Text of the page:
Guten Morgen aus München,
As in many other aspects, this summer seems to be different compared to previous years. While the pandemic brought some less-busy periods for some of us in the spring, there really is no summer slump for privacy pros at this time.
The main share of blame for this rests, of course, with the Court of Justice of the European Union. Shortly before most of us were about to pack our bags for a well-deserved vacation — or staycation — the CJEU’s "Schrems II" ruling triggered an earthquake in the data protection world on both sides of the Atlantic. The shockwaves can still be felt while organizations try to figure out what the ruling actually means in practice.
But make no mistake: The supervisory authorities are puzzling, as well, over the question of what practical impact the CJEU ruling will have. What does it actually mean for their role as supervisory authorities going forward? What about the further use of standard contractual clauses and other mechanisms for international data transfers? And what can realistically be expected from organizations vis-à-vis due diligence of other countries’ legal regimes as required by the court? Not only does the European Data Protection Board statement essentially say, “Give us a moment to think about it,” the reactions of the various German regulators also clearly reveal that there is presumably still some way to go until a common understanding will be reached.
Typical for Germany — which as you know has not only one but 17 different supervisory authorities — the regulators’ responses were rather diverse. While most regulators remained silent and handed the baton to the EDPB or its German equivalent, the Datenschutzkonferenz, some came forward with rather extreme positions. For instance, the Berlin authority — which already made headlines with its strict approach to video-conferencing apps — called on organizations based in Berlin to move any personal data stored on U.S. servers to Europe and to effectively stop transferring personal data to the U.S. Other German regulators were less prescriptive, although none of them followed the “carry on regardless” approach initially taken by other EU regulators or the U.S. Department of Commerce.
The challenges ahead became very clear when the IAPP Munich KnowledgeNet organized a virtual event together with the Bavarian regulator just days after the CJEU handed down its judgement — which, by the way, was the biggest KnowledgeNet event ever held in Germany by the number of attendees. Even the Bavarian DPA — traditionally a rather pragmatic regulator — sees considerably less scope for data transfers, in particular, to the U.S. than was the case before the ruling. My personal takeaway from the session was that even business-friendly regulators currently struggle to find a way forward which works in practice when it comes to data transfers to the U.S. and other third countries.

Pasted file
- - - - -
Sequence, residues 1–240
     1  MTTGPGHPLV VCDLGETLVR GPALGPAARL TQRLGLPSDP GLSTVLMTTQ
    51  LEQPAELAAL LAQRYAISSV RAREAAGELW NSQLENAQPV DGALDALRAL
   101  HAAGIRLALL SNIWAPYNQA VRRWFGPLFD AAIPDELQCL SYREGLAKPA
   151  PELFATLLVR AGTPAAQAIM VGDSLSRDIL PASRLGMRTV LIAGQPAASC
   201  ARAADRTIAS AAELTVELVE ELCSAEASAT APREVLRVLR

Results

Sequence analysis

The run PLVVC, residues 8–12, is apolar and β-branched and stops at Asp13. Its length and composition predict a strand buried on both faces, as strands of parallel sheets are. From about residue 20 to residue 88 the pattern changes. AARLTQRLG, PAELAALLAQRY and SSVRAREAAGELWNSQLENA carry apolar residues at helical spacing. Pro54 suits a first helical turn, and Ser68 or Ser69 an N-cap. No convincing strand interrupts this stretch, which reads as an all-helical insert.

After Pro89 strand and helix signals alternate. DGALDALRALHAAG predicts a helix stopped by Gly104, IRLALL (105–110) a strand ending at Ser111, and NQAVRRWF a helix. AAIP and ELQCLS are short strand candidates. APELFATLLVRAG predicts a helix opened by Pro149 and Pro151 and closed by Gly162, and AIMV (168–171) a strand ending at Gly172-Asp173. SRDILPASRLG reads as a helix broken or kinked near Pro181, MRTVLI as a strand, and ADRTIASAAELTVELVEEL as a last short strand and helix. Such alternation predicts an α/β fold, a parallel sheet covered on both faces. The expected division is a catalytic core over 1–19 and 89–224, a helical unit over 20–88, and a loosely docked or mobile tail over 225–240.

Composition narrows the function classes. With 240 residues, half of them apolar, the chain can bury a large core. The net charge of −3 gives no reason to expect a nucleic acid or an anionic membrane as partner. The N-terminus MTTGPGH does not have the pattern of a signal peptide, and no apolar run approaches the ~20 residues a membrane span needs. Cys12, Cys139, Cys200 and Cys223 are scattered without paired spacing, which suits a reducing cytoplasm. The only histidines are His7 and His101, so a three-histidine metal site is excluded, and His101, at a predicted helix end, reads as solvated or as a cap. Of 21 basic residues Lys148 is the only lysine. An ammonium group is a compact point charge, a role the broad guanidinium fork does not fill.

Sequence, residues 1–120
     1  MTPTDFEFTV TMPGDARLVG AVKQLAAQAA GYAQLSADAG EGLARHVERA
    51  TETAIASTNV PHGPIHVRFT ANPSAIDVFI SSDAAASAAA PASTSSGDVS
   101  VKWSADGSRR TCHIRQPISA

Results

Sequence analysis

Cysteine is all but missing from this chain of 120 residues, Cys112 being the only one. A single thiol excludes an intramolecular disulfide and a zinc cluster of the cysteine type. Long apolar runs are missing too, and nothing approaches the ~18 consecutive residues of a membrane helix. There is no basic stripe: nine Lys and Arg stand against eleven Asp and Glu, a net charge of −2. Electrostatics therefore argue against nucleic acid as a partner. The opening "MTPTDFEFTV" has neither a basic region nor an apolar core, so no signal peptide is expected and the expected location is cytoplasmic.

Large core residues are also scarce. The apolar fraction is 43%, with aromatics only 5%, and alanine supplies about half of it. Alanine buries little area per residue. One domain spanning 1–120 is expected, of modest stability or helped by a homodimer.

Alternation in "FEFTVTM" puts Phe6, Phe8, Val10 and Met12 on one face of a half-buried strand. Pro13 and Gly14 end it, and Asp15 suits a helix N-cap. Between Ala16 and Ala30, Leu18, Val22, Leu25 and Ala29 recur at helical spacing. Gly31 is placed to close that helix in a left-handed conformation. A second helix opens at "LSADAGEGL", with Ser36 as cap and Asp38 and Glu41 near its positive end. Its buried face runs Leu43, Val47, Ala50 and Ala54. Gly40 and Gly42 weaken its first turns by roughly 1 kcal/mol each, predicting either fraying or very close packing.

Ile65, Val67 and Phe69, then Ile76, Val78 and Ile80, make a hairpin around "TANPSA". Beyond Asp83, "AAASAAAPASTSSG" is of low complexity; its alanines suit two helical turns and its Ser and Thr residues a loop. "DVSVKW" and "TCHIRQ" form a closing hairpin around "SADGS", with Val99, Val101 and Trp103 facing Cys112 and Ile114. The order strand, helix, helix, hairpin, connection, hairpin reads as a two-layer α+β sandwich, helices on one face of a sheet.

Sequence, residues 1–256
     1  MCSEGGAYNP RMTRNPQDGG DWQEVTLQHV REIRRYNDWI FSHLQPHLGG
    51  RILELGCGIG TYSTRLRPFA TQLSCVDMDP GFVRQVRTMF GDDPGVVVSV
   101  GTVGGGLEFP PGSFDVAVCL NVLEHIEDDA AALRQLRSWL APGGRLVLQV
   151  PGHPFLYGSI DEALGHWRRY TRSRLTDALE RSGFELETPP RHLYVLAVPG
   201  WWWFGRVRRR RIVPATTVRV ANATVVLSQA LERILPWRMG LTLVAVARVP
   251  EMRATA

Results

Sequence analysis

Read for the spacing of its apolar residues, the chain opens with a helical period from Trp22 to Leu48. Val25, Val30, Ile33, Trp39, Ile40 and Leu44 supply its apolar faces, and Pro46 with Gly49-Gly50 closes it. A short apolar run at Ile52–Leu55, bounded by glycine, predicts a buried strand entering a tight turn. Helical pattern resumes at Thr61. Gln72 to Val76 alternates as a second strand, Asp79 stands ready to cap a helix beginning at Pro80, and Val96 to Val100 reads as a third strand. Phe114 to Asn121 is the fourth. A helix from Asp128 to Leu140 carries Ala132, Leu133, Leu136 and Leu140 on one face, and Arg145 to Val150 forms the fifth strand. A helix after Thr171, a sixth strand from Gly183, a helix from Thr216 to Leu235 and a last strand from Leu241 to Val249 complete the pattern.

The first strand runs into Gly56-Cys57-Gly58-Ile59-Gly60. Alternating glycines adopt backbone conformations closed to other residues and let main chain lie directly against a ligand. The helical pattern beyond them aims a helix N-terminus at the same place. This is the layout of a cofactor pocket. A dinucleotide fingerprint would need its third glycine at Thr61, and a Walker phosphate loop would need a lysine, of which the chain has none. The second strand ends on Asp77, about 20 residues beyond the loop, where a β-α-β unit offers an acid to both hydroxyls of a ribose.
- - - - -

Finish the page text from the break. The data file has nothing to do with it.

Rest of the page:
But the post-"Schrems II" cacophony of German regulators also had another less obvious consequence: It fueled a lengthy debate on whether to centralize the German supervisory authorities. Currently, the German federal structure of supervision is unique in the EU, since every federal state has its own authority — with the DSK aiming to find common ground on specific topics (similar to the role of the former Art. 29 Working Party on an EU level). There seems to be considerable political will to align the German structure with the centralized model of other EU member states. It is hard to predict at the moment where this will end up —and we will hopefully know more by autumn — but such change would definitely have a major impact.
Last but not least, the German courts have not stood idly by, either. In a landmark ruling handed down shortly before the summer break, the German Supreme Court has finally clarified that marketing cookies require prior user opt-in — something which has been heavily debated in Germany for years. Although this ruling did not come by surprise, it contributes to a particularly hectic summer for privacy professionals.
So as I said, this summer is a bit different.
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